D.I.Y. bugs

October 2016
Photo Creative Commons
Ever since CRISPR [1] hopped onto the biotech platform, replacing bits of the living world to suit your individual tastes or whims has suddenly become possible [2]. And you don't have to be a scientist to do it.

Commercial interests have been quick to spot a market opportunity. CRISPR-mediated genetic transformation is technically easy to carry out, and custom-made DNA designed to make your organism of choice do what you want it to is easily available and inexpensive. Manufacturing CRISPR kits which can be used at home or in the most basic laboratory facility are already underway. At least one biotech salesman is on tour plugging them to the public. D.I.Y. CRISPR is 'exciting' and 'empowering', 'citizen science', which makes it sound like you should have a right to do it.

What CRISPR kits can be used for is the creation of GM forms of common microbes such as E.coli bacteria, and yeast to produce just about any substance. What could be created is limited only by the public imagination: Lemon-flavoured beer? Blue wine? Fluorescent blooms? Rose-scented cheese? Doggy-treats to silence that neighbour's irritating mutt?

While this might sound like a sophisticated version of that chemistry set Santa Claus brought down the chimney in your youth, bacteria and yeasts are potential pathogens with possibly deadly or irreversible results (for example, see below). They're also fast to evolve into new forms. Even in laboratories with stacks of expensive specialist equipment, highly trained personnel, and strict containment protocols, microbe escapes happen. D.I.Y. bugs will end up in sinks, toilets, garbage, hair, hands and clothing. Unexpected toxic outcomes in CRISPR-altered organisms are inevitable, and a genome destabilised by CRISPR processing will evolve in unexpected ways. The risks to people, animals and the environment are huge.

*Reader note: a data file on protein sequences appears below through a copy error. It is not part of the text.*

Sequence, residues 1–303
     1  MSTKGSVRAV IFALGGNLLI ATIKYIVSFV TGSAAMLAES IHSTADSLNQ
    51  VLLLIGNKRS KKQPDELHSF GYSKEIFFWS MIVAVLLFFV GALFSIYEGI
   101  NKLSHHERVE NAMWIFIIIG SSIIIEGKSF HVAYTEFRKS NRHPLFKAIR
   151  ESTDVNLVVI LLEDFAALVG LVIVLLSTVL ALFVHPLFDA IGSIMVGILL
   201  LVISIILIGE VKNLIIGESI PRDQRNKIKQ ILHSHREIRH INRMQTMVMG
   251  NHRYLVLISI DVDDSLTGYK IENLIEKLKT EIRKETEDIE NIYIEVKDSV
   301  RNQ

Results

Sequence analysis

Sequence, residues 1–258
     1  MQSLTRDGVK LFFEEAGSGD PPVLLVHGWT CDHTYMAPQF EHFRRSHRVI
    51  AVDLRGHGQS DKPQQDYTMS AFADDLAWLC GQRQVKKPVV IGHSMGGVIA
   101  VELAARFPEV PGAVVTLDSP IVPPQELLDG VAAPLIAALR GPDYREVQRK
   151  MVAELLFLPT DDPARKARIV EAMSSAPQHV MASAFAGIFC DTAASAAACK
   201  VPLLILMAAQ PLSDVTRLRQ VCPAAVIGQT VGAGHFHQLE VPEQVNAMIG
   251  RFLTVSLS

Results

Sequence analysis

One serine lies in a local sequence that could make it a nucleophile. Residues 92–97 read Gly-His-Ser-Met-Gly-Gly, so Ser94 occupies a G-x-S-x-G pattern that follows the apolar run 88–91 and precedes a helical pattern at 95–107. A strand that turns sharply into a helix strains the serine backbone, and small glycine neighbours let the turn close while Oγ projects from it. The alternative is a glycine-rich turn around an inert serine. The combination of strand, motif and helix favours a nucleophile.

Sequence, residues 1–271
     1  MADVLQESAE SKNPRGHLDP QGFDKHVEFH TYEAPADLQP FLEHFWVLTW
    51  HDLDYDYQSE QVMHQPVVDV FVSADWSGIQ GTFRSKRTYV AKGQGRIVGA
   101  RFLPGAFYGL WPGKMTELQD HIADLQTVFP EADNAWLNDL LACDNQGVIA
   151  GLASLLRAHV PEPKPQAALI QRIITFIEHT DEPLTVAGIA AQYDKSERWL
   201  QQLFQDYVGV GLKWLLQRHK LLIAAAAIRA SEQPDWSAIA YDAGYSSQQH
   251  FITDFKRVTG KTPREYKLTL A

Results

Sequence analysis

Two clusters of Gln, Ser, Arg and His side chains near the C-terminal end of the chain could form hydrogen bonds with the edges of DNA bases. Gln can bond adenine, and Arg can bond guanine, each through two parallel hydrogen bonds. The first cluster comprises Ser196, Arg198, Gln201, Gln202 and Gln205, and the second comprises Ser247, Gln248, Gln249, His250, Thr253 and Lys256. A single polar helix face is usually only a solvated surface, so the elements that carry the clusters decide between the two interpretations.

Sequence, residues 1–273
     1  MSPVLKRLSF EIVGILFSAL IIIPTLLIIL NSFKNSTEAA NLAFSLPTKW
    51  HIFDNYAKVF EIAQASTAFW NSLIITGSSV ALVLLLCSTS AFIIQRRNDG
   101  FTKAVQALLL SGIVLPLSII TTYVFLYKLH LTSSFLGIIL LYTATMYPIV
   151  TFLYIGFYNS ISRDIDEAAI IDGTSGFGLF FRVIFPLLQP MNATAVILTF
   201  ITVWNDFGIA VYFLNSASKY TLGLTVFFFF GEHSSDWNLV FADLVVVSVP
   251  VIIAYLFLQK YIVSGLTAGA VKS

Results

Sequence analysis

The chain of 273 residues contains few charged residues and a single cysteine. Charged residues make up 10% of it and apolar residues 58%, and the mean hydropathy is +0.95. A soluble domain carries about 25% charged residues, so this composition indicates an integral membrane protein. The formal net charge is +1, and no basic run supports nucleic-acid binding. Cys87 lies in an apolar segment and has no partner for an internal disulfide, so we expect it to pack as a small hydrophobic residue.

E.coli and E.coli 0157

E.coli is ubiquitous in animals, and a favourite target for genetic transformation.
You might start off with an innocuous E.coli strain and transform it to produce an innocuous substance, but what you end up culturing could have dropped in from anywhere, or could have picked up who-knows-what DNA from other microbes.

For example, as the sudden emergence of E.coli strain 0157 in 1983 and its periodic re-emergence ever since shows, killer versions of this microbe can pop up seemingly from nowhere.

E.coli 0157 sprang into the Scottish public awareness in 1996 when an outbreak triggered by poor hygiene practice in a butcher shop in Wishaw killed 17 people and made 503 people ill.
The latest E.coli 0157 outbreak on the outskirts of Glasgow, thought to be linked to cheese, has caused the tragic death of a child.

In the UK as a whole, there is a high incidence of E.coli 0157, matched only by Canada.
Scotland has more than double the incidence of E.coli 0157 compared to England.

E. coli of any kind really isn't a bug we want amateurs playing genetic engineer to be.

OUR COMMENT




Effective regulation, control and inspection of laboratory facilities to prevent public harm from microbes has always been challenging. Even in the lab, the modern-day scope for malignant or accidental release of novel forms of life with unknown properties is unprecedented. Moving GM capability into the public domain may seem 'exciting' and 'empowering', but will end in catastrophe for somebody and on an unimaginable scale.



Demand a stop to D.I.Y. CRISPR before it has a chance to start.

Background
[1] CRIPSR/Cas9 GENE EDITING - March 2016
[2] SYNBIO-BUGS - March 2016

SOURCES:
  • Biohacking, Friends of the Earth Fact Sheet, 15.08.16
  • Seth Sandronsky, Biotech Worker's Illness Raises Worries About the Growing, Largely Unregulated, Industry, www.earthisland.org, 17.04.12
  • Biohacking: Amateur risk takers tinker with life, Gene Ethics 19.08.16
  • Andrew Pollack and Duff Wilson, Safety Rules Can't Keep Up With Biotech Industry, New York Times, 27.05.10
  • Mark Macaskill, National alert over E coli in cheese, Sunday Times, 11.09.16
  • Sophia Griffiths, Food and microbes: learning from the past, Food Science and Technology Journal, 2.06.14

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